Smooth white to light grayish cap, pinkish brown gills, found in lawns and meadows. July–September. Cap curved to nearly flat; white to grayish to gray-brown; texture dry, smooth or fibrous. Gills broad; spacing crowded; light pink, becoming chocolate to blackish brown; attachment free. Stalk sometimes tapering downward; white, darkening with age; smooth to fibrous; with a delicate ring that often disappears. Partial veil white, membranous, leaving a delicate ring on the stalk. Spore print blackish brown. Spores magnified are elliptical, smooth, purple-brown.
Lookalikes: The destroying angel (Amanita bisporigera) has white gills, a white spore print, and a saclike cup around the base of the stalk. The meadow mushroom has light pink to blackish brown gills, and a blackish brown spore print. Be absolutely certain of the identification of each and every meadow mushroom before eating: Make spore prints or show your specimens to an expert.
Cap width: 1-4 inches; stalk length: 1-2 inches; stalk width: ¼–¾ inch.
Habitat and Conservation
Scattered to abundant in grassy areas, urban lawns, and meadows. Sometimes grows in arcs or "fairy rings."
Choice edible—but with extreme caution! The similar-looking, and deadly, destroying angel can grow in the same habitat as the meadow mushroom. If collecting meadow mushrooms in urban areas, be certain no lawn treatment chemicals have been used.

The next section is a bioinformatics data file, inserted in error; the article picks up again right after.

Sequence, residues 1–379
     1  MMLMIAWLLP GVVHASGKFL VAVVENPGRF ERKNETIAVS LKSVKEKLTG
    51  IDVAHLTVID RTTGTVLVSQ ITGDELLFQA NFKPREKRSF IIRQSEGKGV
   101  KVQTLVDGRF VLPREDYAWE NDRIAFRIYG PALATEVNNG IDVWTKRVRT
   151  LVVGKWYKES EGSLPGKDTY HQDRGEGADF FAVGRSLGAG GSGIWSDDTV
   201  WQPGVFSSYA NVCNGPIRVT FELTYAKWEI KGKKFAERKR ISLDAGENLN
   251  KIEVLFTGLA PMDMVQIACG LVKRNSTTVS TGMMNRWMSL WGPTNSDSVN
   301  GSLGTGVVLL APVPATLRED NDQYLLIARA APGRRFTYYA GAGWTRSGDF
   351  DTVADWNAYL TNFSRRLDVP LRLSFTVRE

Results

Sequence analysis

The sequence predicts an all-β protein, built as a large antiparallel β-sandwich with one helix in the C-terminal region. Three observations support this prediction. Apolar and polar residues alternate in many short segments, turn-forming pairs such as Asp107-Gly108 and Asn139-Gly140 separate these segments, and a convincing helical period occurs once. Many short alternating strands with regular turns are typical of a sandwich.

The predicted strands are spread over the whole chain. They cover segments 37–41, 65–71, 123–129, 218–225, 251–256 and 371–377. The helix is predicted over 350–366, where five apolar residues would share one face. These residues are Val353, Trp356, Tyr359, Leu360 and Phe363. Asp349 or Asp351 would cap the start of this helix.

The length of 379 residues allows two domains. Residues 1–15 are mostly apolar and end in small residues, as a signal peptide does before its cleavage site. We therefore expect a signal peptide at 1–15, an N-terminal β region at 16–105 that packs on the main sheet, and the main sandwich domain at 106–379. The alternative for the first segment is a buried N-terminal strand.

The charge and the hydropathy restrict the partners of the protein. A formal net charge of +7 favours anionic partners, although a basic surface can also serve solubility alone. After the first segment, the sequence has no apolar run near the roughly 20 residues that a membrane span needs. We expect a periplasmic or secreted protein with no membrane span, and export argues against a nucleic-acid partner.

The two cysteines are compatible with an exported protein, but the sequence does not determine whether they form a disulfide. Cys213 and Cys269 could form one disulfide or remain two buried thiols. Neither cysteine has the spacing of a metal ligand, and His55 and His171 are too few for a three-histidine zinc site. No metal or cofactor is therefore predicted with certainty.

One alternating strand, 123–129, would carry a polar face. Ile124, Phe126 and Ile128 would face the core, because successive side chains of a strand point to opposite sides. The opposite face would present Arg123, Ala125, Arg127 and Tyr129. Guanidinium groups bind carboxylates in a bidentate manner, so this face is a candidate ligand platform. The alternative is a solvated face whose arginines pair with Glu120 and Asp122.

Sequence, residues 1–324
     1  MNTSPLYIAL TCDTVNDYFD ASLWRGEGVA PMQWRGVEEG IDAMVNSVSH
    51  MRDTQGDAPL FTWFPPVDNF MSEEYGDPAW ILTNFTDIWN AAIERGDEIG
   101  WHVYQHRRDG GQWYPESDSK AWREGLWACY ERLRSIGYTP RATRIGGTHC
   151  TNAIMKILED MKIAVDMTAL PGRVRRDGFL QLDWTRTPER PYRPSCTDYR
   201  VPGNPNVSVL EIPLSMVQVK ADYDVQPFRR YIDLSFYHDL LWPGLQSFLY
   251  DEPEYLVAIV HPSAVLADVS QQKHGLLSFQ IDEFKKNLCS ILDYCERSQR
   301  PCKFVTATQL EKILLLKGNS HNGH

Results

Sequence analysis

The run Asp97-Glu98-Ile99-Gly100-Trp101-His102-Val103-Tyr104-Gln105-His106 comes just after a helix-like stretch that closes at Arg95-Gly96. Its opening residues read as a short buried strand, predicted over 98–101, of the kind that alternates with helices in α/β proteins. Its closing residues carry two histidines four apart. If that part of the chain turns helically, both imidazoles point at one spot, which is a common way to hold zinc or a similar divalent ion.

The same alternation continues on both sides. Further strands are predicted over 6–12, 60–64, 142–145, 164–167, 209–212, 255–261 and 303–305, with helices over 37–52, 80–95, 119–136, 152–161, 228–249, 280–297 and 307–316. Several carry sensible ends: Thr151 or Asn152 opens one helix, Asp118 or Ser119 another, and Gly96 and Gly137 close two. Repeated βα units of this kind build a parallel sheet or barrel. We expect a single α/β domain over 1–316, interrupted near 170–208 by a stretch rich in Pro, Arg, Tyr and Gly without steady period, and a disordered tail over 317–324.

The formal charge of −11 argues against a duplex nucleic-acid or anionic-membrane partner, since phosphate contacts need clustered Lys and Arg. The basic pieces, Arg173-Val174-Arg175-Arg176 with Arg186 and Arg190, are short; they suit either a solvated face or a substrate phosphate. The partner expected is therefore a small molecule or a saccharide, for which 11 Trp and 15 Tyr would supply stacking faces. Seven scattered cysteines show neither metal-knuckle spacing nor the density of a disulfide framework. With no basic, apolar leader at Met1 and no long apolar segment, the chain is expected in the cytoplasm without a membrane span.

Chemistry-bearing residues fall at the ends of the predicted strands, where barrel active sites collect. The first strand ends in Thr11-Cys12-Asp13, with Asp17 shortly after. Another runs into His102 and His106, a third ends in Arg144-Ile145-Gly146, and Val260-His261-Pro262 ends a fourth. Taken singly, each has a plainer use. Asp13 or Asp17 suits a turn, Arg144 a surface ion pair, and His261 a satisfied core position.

This species exists most of the time as a network of fungal cells (mycelium) in the soil, digesting and decomposing organic particles. It grows outward from a central point, sometimes forming an arc or circle. When it's ready to reproduce, the mycelium develops mushrooms, which are aboveground reproductive structures. Because the most active part of the mycelium is along its outer edge, the mushrooms can form in a circular "fairy ring." The mycelium of a mushroom can live for decades.
The meadow mushroom, considered a choice edible, is closely related to the cultivated, store-bought white button mushroom. Always be absolutely certain of the identification before eating any wild mushroom, and always be sure to cook it before eating.
Fungi and their fruiting bodies, mushrooms, are part of our natural environment. Their importance in forest ecosystems is monumental. Besides nourishing forest trees through symbiosis, they are also the wood rotters of the natural world.
Mushrooms are a lot like plants, but they lack chlorophyll and have to take nutrients from other materials. Mushrooms are neither plants nor animals. They are in a different kingdom — the fungi. Fungi include the familiar mushroom-forming species, plus the yeasts, molds, smuts, and rusts.
Always be cautious when eating edible mushrooms. Be absolutely sure of the ID, and only eat a small amount the first time you try it to avoid a reaction..